Recent storms on the US east coast have once again highlighted the importance of having at least some understanding of insurance law, in particular the procedures for making an insurance claim in the aftermath of a catastrophic event.
If your house was damaged or destroyed by a state declared catastrophe, and you have an insurance policy, you will be dealing with an insurance adjuster. This is usually fairly easy because of the number of claims the adjuster is required to deal within a short time.
The insured person must understand that both the insured and the adjuster have duties. The following list outlines the most important of these duties:
You should be sure there is no unnecessary delay in reporting the fact of the discovery of damage to your insurer as a claim.
You and the adjuster should establish that there is no unnecessary delay in responding to any fire, firefighting, flood or water-related cause of loss where "mold" may result as a natural result of water, warmth, and existence of mold spores in the building.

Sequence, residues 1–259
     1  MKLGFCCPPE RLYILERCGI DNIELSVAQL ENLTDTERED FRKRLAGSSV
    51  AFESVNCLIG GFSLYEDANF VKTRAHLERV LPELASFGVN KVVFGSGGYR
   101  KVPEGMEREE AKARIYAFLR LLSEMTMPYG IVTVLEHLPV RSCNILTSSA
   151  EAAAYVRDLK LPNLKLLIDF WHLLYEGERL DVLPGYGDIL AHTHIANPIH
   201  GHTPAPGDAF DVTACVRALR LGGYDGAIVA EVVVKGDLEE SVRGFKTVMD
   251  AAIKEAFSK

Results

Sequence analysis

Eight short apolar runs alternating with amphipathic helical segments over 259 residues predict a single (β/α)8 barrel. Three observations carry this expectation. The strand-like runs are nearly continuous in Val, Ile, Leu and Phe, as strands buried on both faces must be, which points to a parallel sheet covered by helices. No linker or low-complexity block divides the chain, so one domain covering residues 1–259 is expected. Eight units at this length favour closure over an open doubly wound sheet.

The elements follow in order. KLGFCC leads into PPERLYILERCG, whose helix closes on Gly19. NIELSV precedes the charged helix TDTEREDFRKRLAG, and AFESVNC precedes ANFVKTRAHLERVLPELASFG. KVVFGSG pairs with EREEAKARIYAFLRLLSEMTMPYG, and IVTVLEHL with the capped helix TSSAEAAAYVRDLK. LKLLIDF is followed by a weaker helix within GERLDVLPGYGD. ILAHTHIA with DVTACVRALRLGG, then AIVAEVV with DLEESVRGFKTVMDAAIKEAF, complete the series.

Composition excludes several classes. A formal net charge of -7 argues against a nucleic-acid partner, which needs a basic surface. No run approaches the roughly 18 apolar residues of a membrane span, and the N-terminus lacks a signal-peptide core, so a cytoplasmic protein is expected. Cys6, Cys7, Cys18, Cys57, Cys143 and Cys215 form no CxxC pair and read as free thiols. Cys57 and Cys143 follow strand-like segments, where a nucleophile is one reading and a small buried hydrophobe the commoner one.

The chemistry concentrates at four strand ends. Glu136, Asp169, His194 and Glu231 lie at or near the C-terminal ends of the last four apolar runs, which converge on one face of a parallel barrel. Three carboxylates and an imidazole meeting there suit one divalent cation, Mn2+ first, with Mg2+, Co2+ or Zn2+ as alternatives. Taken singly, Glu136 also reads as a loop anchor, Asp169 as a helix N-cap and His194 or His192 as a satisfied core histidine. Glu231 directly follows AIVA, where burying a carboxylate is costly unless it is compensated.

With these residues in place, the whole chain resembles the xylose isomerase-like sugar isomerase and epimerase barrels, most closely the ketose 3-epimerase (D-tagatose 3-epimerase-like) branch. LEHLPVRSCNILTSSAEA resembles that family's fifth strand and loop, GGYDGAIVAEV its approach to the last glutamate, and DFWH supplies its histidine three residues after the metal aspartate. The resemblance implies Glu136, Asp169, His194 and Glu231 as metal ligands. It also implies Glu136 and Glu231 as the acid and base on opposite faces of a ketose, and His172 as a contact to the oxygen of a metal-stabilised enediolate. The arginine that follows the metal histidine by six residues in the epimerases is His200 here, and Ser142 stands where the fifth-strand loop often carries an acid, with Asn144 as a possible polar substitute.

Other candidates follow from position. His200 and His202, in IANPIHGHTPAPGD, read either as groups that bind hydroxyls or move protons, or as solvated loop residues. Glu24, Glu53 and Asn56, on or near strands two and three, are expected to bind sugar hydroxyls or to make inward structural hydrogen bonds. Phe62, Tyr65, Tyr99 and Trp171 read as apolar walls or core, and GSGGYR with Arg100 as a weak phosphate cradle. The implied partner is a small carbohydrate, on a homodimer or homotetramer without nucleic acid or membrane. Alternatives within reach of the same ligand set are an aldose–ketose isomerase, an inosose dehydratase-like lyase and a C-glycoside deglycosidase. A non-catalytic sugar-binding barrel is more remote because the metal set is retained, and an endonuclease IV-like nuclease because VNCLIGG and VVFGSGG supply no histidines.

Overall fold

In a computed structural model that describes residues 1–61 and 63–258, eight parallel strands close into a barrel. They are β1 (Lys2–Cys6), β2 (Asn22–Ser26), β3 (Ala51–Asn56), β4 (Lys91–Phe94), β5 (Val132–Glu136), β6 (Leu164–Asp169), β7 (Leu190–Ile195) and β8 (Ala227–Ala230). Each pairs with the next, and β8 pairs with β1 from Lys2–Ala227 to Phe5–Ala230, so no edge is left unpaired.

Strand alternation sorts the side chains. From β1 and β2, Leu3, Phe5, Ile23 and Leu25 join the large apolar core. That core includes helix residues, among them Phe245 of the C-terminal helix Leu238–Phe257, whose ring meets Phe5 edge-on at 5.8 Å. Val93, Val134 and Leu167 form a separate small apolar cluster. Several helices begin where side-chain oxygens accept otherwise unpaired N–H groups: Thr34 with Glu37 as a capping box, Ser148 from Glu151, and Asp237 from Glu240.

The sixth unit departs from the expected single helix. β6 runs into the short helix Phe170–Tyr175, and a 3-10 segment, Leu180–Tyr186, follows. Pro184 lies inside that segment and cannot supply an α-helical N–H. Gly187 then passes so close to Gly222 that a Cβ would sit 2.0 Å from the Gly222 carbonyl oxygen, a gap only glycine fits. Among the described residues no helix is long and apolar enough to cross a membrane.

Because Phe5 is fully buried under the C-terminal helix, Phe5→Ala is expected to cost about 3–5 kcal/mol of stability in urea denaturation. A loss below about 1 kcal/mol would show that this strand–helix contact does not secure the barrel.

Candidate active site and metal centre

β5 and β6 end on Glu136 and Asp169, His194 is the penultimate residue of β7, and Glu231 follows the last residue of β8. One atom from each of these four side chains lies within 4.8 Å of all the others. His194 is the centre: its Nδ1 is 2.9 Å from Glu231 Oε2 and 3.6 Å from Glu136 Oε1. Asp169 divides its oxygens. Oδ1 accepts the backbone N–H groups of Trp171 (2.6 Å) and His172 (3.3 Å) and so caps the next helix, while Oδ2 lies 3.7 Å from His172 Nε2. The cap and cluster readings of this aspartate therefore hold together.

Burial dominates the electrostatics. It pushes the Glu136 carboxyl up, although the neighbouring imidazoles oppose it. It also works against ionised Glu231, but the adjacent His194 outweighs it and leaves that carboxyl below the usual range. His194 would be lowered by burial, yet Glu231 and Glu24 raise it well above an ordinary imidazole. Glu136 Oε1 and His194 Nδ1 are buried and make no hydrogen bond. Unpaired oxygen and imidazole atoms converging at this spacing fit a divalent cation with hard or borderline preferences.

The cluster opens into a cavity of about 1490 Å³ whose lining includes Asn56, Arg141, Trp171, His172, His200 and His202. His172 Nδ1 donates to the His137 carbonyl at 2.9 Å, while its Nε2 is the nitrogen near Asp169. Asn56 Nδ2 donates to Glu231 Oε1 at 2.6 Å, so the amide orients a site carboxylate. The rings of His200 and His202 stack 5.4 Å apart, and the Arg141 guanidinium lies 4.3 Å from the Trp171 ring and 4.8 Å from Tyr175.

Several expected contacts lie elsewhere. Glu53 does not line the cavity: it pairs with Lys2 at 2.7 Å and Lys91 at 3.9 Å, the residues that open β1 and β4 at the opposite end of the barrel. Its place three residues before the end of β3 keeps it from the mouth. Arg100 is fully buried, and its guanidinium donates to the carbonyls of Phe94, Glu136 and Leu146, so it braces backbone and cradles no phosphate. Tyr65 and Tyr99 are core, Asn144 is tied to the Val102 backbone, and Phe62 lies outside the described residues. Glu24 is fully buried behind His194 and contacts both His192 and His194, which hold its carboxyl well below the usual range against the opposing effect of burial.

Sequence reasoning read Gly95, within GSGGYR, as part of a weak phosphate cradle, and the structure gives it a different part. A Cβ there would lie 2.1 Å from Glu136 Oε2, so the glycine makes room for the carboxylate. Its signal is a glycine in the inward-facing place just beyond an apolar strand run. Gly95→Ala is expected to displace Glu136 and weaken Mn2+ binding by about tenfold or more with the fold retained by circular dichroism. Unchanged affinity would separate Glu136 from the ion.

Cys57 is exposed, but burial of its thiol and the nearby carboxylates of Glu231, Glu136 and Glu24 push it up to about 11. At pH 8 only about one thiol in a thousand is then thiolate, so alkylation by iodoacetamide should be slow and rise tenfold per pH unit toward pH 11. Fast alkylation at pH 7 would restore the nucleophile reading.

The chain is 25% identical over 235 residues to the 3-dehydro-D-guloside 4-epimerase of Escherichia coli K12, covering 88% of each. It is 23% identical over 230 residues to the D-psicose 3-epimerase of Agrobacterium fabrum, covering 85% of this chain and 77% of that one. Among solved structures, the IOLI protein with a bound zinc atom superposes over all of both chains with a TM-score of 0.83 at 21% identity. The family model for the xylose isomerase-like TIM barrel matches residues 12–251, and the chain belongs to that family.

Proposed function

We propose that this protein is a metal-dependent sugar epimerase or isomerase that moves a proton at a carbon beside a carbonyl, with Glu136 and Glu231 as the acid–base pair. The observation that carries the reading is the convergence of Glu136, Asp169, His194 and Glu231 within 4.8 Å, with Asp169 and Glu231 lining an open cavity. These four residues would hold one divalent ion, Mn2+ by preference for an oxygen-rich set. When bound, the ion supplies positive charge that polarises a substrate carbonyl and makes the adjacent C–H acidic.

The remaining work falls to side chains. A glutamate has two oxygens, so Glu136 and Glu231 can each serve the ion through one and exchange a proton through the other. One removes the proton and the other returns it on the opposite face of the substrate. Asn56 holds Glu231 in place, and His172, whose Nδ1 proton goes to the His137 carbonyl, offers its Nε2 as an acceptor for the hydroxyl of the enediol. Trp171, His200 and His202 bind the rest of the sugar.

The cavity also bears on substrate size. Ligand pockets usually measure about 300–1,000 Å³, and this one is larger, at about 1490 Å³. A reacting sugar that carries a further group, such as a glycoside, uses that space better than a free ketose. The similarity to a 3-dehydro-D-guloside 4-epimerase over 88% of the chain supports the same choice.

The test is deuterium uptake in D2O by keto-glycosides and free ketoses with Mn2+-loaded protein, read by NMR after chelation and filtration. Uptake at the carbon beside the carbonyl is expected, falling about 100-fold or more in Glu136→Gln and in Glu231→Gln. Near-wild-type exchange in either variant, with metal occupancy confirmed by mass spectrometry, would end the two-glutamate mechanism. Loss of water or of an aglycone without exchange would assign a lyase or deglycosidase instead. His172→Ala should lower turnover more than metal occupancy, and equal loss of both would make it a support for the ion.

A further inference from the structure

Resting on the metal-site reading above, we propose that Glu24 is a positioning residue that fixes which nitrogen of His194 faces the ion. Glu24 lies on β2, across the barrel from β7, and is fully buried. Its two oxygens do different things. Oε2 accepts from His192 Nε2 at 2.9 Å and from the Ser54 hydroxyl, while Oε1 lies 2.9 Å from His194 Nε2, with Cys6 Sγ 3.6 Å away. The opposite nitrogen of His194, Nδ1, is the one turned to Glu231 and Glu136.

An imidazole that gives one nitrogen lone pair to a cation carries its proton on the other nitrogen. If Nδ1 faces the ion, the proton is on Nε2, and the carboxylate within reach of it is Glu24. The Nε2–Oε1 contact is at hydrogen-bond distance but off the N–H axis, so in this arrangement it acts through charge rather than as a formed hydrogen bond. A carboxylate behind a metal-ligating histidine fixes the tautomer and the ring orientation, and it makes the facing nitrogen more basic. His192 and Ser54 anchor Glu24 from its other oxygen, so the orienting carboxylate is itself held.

You may be asked to sign a non-waiver agreement.
You may receive a reservation of rights letter advising you of your duties under the policy, the conditions that apply or might apply, and the exclusions that may apply to the facts of the loss.
You, as the insured, should readily, and without objection, sign the non-waiver agreement or accept the reservation of rights as an expression of the status quo.
The adjuster should remind you to preserve and protect the damaged property and to mitigate the loss with due diligence and dispatch.
You can request from the adjuster the name of professional contractors experienced in reconstruction or the drying out of buildings and the prevention or restriction of further loss including mold growth.
Follow up regularly with the adjuster to ensure that he or she is meeting contractual obligations since a catastrophe often makes communications difficult.
If you have failed to protect the property from further loss, the adjuster must remind you, in writing, of your failure and how that could affect your claim.
The adjuster should consider advance payments to avoid any unnecessary difficulties so that you and your family will have a place to live while your house is being rebuilt.
a. You can expect an advance of $10,000 to $20,000 if your house is destroyed to carry you over.
b. Even if your house was not damaged you are entitled to additional living expense payments if you were ordered out of your house by the state government, federal government, Homeland Security, or the local fire department.